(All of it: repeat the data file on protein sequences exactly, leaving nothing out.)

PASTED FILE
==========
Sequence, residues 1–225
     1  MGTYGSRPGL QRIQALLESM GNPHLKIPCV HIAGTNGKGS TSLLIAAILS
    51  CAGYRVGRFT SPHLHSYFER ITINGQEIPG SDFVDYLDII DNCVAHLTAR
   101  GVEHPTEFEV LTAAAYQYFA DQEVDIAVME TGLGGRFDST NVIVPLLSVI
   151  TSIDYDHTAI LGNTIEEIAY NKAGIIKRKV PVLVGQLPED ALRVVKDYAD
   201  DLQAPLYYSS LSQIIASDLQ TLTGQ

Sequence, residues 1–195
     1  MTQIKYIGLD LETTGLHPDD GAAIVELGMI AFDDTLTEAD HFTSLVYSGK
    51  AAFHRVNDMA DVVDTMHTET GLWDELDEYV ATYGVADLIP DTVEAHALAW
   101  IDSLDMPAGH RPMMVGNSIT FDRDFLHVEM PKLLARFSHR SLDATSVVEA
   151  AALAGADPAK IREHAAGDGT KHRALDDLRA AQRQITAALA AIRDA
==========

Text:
Sequence, residues 1–225
     1  MGTYGSRPGL QRIQALLESM GNPHLKIPCV HIAGTNGKGS TSLLIAAILS
    51  CAGYRVGRFT SPHLHSYFER ITINGQEIPG SDFVDYLDII DNCVAHLTAR
   101  GVEHPTEFEV LTAAAYQYFA DQEVDIAVME TGLGGRFDST NVIVPLLSVI
   151  TSIDYDHTAI LGNTIEEIAY NKAGIIKRKV PVLVGQLPED ALRVVKDYAD
   201  DLQAPLYYSS LSQIIASDLQ TLTGQ

Sequence, residues 1–195
     1  MTQIKYIGLD LETTGLHPDD GAAIVELGMI AFDDTLTEAD HFTSLVYSGK
    51  AAFHRVNDMA DVVDTMHTET GLWDELDEYV ATYGVADLIP DTVEAHALAW
   101  IDSLDMPAGH RPMMVGNSIT FDRDFLHVEM PKLLARFSHR SLDATSVVEA
   151  AALAGADPAK IREHAAGDGT KHRALDDLRA AQRQITAALA AIRDA